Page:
At his creative best, LUCKI paints a fractured self portrait. Behind the cool veneer of a rising rap star is a timid, anti-social icon, drowning out the limelight by lowering his inhibitions, even to the point of nodding off in Nobu.

Mononymously LUCKI, Lucki Camel Jr. is disenchanted by sex, money and drugs – the only things that can keep his attention. The lights blind him. The drugs squint his eyes and dim the flash. The money makes rap inescapable. His solution: more milligrams, more pints, more pain.

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In yet another tribute to a classic album, Lucki’s latest album, s*x m*ney dr*gs, is modeled after Lil’ Kim’s Hard Core. Though LUCKI trades Kim and Biggie’s weed coping mechanism for pain killers and Cristal for Actavis, both albums feverishly revolve around vice and self-indulgence. In tribute to the sexually-deviant songstress (never forget “Intro in A-Minor”), LUCKI pastes a bright pink sidebar on the cover of s*x m*ney dr*gs to alleviate your worries; he’s no stranger to gluttony when it comes to his triad of sin.

s*x m*ney dr*gs, alternatively known as (SMD; acknowledged to be a double-entendre), is the most detached LUCKI’s been since 2017’s Watch My Back. He’s sluggish; his cadence bounces, and like a flattening sine wave, his voice staggers towards monotony. LUCKI’s an unreliable narrator, and through various low-tone grumbles and groans, he draws snapshots from his scattered memory in hopes to redeem his own self-worth.

On “Tunevert,” LUCKI goes from “crashing out in Soho to waking up in Beverly,” rapping on bars of Xanax, so much so that his neighbors are suspicious he’s back to trapping himself. He’s drinking sludge in honor of his incarcerated slime (“FREE SEX!”), he’s “so geeked up you’d think it’s cap” on “No Bap,” specifically “60mg,” as he denotes on the hook of “Mubu.” Constantly fluctuating between manic and depressive, s*x m*ney dr*gs copes with LUCKI’s newfound fame by unleashing years’ worth of repressed memories and demanding beats.

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LUCKI’s caught in-between success and delusion, glistening music library samples and emotional suppression. Everyone wants him to revel in his accomplishments, but LUCKI doesn’t think he’s working hard enough. Even as he explains this internal conflict on “Super Ski”: “Pretty girl been on my bad side, she trying to stay in the house now / I’m trying to pass my idols up, I’m a fan favorite and a bad guy,” LUCKI feels disillusioned by everyone but his producers, from Brent Rambo to Tay Keith to Rio, Cxdy and Jstcap. The instrumentals jump from sparkling and maximalist to nostalgic and bare, juxtaposing the learned, commercial success of FLAWLESS LIKE ME with lethargic spews of paranoia as he yearns for intimacy. He’s digging deeper. From the pain to the production, s*x m*ney dr*gs revives a Days B4 III-era LUCKI, positing emphatic detail against his fading memory.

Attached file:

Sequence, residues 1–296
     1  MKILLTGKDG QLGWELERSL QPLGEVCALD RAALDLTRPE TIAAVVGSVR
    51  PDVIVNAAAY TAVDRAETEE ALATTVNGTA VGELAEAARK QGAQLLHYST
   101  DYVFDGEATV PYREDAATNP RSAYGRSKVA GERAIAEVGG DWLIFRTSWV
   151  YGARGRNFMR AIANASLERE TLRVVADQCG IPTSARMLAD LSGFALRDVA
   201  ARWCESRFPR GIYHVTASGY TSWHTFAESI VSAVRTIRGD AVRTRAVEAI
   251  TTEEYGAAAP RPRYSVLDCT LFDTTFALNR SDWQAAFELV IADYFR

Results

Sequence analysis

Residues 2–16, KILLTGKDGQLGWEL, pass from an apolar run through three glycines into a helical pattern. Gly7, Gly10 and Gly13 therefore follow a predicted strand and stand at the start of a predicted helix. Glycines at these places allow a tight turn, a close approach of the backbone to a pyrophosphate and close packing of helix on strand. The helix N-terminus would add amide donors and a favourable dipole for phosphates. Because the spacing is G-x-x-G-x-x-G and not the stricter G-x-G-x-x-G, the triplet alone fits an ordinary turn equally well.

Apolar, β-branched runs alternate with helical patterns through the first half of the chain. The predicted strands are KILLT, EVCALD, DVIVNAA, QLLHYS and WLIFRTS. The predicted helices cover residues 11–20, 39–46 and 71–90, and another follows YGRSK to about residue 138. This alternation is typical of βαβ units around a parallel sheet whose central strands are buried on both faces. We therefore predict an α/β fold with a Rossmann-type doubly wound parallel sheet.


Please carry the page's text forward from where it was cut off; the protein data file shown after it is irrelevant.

The sequencing of s*x m*ney dr*gs flows like a seasoned rapper’s setlist, never sticking with one flow or melody for too long. The abrupt transitions can be attributed to haste and incompleteness, but LUCKI’s tracklist serves as an extension of himself, disoriented and sparse, understated and dull. Missteps are rare and typically attributed to being derivative of himself; for example, “Gemini Love” sounds like a less-animated version of “Karma A Bitch.” His lyrics rarely falter, but when they do, it’s LUCKI’s flow and breathwork that suffer the most. He barely pushes through his lines on songs like “Almighty Tune” and “Chrome Denim;” that instinctual despondency is what makes LUCKI‘s music so vulnerable and evocative amidst the monotonous mumbling and his omnipresent trap hi-hats, you know what he’s going to say before he says it, so why should he put in the work.

SMD is LUCKI’s response to his clear path to commercial success. Fans swarm him on the streets, his leaks are just as coveted as his proper releases, and yet he feels nothing. His words are slurred together and whether it’s drug-induced paranoia, mania or depression, he falls in and out of melodies just as quickly as he’ll go from over pronouncing downbeats on “No Bap” to monotony on “Bby Pluto.” s*x m*ney dr*gs is a torn and re-pieced portrait of LUCKI, honing in and honoring the raw sentimentality that brought him acclaim; he’s still an addict, now enabled by own success, questioning his own end goal.